In the words of Edwin Jarvis: ABORT.
Episode Summary: Chadwick turns Whitney in to the council, but it backfires when she absorbs him and a few other men. Dottie escapes after helping Peggy. Wilkes was taken captive. Daniel’s been beaten then later demoted. Vernon can’t be trusted. Thompson’s still terrible. And the ever so sweet Ana Jarvis has been drastically injured after being shot by Whitney.
Review | Analysis: As all episodes of Agent Carter, tonight’s two hour special was an absolute adventure — a roller coaster of way too many feelings I have no idea how to work through. “Life of the Party” and “Monsters” played with a variety of noted spy drama tropes, but what they’ve done most phenomenally, is given each of the female characters an opportunity to shine. Both episodes also did a great job of exhibiting the fact that despite the fear that resides in us, we’re all far more courageous than we think, and sometimes, a single step is all it takes to showcase that bravery.
Before we get into the episode, I feel it’s important to acknowledge that this series is filled with some of the most talented actors and actresses. They’re not only incredibly fun to watch, but when things need to take an emotional turn, they’re as evocative as can be delivering some of the most incredible performances. Again, why aren’t more people watching this show?
A badass queen who’s now twice as remarkable, a new city, new characters, impeccable banters, and good ol’ fashioned drama.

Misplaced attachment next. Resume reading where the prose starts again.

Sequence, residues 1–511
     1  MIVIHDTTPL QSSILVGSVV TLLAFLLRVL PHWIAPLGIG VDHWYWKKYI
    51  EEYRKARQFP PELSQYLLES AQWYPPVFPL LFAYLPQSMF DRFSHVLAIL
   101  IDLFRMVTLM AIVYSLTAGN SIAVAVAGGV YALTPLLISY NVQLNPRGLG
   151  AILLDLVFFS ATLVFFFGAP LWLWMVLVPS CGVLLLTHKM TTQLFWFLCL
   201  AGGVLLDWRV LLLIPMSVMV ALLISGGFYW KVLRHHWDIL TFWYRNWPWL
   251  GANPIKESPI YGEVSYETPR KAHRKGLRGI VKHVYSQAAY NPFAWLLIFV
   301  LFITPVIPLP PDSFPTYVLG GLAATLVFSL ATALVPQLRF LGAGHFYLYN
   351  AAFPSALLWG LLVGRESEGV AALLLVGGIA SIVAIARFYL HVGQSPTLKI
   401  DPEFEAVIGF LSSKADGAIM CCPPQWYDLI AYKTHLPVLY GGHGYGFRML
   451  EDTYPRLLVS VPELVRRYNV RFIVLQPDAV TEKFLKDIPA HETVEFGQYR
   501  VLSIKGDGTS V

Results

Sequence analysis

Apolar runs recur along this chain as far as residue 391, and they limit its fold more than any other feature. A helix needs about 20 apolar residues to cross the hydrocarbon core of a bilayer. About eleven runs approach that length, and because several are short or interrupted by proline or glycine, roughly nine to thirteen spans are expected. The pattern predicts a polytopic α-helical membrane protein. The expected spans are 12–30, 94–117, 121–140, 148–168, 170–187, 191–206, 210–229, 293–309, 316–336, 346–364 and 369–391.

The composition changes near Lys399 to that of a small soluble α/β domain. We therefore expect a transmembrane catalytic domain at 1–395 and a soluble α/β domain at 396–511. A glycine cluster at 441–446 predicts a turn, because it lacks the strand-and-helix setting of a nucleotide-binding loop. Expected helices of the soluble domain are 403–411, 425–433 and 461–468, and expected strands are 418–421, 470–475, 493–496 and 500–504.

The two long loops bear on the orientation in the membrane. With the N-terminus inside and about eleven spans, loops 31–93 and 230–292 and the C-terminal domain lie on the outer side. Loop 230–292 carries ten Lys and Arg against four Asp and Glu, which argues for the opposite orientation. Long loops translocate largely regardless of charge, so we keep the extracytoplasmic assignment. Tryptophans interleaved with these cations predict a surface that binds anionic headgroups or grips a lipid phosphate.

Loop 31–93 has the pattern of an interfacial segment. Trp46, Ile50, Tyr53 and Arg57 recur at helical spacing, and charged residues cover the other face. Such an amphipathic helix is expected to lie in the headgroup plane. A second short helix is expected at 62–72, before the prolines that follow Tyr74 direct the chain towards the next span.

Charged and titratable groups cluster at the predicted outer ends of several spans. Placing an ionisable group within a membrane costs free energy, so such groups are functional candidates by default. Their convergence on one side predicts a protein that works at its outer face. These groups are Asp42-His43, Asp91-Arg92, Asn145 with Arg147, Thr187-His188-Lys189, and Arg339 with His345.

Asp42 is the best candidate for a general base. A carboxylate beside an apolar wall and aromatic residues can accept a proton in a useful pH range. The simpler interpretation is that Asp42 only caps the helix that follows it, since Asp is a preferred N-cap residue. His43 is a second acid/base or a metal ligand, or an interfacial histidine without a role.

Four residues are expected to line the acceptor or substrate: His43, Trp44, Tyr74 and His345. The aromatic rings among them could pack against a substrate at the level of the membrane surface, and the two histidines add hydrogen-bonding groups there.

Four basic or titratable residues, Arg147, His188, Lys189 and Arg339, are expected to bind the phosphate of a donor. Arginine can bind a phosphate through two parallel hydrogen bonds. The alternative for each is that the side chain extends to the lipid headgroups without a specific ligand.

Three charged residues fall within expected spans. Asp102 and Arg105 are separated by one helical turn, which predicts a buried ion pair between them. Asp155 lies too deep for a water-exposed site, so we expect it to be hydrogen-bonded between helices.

Episode Summary: Dottie Underwood is still causing havoc, but now she’s disguised as Peggy. When a body’s found in a block of ice, Los Angeles based S.S.R Chief Daniel Sousa calls Thompson for backup and gets a surprise when Peggy’s sent in. In an attempt to uncover the body’s strange form of decay the two visit Isodyne Energy in order to access more information and here we have the pleasure of meeting Jason Wilkes (Reggie Austin). We later get to meet this season’s big bad husband and wife duo Calvin Chadwick (Currie Graham) and Whitney Frost (Wynn Everett). It also appears as though the thing otherwise known as Monolith will bring a lot more eeriness to the cases, but thankfully we’ve got Jarvis’ delightful wife Ana (Lotte Verbeek) to lighten and brighten the vibe.
Review | Analysis: Both “The Lady of the Lake” and “A View in the Dark” were solid episodes that not only did a wonderful job of setting the rest of the season in motion, but it was able to effortlessly evoke all sorts of emotions. And in my book these are the kind of episodes that make writing genuinely fun. Although it was a bit overwhelming for a moment in the beginning, the new characters feel as though they belong. The biggest flaw in these episodes however was the absence of Lyndsy Fonseca’s Angie Martinelli, but thankfully she won’t stay gone too long. And while I’d normally object to any sort of a love triangle, it seems as though Agent Carter writers have found a way to tastefully execute a much more entertaining version of what I like to call #HowIMetYourFather.
LA always appears much more magical in the 1940s — Hollywood was the place to be and glitz and glamour was a marvel to be exposed to. Palm trees, pink flamingos, and what feels like 365 days of sunshine plus dry heat aside, it’s beautiful to be witnessing a more open and happier Peggy Carter. Her life still isn’t as easy it should be, but she’s no longer carrying the weight of the world on her shoulders and though the trouble in LA will be far worse than it was in New York, it’s clear we’ll be witnessing what’ll be an elegant illumination of the fact that with confidence, solid partnerships, and honor there’s nothing that can’t be done.